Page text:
How to rebuild a crankshaft


Right, now you’ve made the stand this what you do with it.

To split the crankshaft, firstly put the stand in the vice with the two bits pointing upwards.

Place the crank with the timing side shaft facing upwards, on to the stand, there is no need to use the clamp that you made just yet! Firstly, undo the screws and remove the locking plates these can be a bit stubborn to get off, but you can insert a screwdriver under them and gently praise them off, taking care not to bend them as you will re-use them. Using a long ratchet or breaker bar undo the nut, the reason that you put it in the stand this way up first is because BSA cranks are keyed on the primary side of the crank. With the nut undone get a copper/ hide mallet and strike the timing side flywheel on the side, try to use one sharp tap rather than lots of little ones, the flywheel should then break off its taper and can be removed.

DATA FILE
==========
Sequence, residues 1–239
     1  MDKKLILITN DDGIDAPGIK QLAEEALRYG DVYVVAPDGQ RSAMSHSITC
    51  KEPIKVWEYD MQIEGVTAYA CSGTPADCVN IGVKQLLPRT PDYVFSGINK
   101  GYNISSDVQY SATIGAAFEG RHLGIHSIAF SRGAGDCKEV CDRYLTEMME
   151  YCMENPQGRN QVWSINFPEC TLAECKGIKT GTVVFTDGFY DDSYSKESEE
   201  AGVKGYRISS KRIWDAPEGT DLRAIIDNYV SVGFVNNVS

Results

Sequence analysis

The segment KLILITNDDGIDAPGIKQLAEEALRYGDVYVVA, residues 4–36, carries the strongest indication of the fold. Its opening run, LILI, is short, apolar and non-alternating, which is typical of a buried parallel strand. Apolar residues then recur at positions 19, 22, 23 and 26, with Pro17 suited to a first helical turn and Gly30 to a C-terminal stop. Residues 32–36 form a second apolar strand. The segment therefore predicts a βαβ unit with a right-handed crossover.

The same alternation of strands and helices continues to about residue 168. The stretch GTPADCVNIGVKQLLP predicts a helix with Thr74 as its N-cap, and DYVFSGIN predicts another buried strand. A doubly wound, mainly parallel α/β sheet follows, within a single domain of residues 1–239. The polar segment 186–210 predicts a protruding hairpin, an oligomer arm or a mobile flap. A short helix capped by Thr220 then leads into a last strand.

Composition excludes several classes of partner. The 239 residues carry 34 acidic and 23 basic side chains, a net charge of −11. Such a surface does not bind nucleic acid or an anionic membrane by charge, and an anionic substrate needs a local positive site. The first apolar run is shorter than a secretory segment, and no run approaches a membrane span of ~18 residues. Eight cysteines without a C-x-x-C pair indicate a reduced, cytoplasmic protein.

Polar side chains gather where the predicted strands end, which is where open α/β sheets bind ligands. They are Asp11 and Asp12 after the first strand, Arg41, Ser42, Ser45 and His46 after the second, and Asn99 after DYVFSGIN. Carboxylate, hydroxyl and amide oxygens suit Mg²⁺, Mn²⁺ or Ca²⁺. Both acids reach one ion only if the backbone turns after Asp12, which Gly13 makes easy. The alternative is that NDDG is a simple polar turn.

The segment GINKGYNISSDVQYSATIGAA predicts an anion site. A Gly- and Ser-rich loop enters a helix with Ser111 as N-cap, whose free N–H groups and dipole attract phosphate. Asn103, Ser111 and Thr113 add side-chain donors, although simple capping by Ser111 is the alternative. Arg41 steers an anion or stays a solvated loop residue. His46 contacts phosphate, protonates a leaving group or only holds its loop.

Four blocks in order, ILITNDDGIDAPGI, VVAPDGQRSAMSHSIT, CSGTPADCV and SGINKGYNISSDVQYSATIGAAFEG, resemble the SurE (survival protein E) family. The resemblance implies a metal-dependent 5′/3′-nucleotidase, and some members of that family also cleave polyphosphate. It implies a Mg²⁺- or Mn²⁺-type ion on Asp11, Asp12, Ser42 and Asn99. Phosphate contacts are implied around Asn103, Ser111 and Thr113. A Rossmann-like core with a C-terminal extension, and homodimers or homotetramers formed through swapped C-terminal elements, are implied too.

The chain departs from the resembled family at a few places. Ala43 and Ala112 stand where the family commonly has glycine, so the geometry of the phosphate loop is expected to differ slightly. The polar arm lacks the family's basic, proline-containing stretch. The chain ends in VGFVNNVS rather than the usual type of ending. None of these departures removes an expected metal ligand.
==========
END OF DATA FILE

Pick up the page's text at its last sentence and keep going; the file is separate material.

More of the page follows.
When you have removed this flywheel, you can take off the connecting rod and the bearing cage and rollers, now you can remove the crankpin, by turning the crank over in the stand and undoing the nut on the remaining flywheel, then simply give the crank pin a sharp tap with the mallet on its threaded end.

Now the crank is split, you should clean up all the components, personally I bead blast them and then use a “Scotch” pad or wire wool, the reason I use a two step process is because if you just bead blast them they tend to rust rapidly, if they are given a bit of a polish is this tends to make them a bit more rust resistant, besides the fact it looks pretty!!!

This picture below shows the standard that you should try to achieve

The reason that you give everything such a good clean is that the longer you handle the components, the longer you have to notice any defects, if you just give them a quick clean you may miss a slight crack in the flywheel or the loose rivet on the shaft.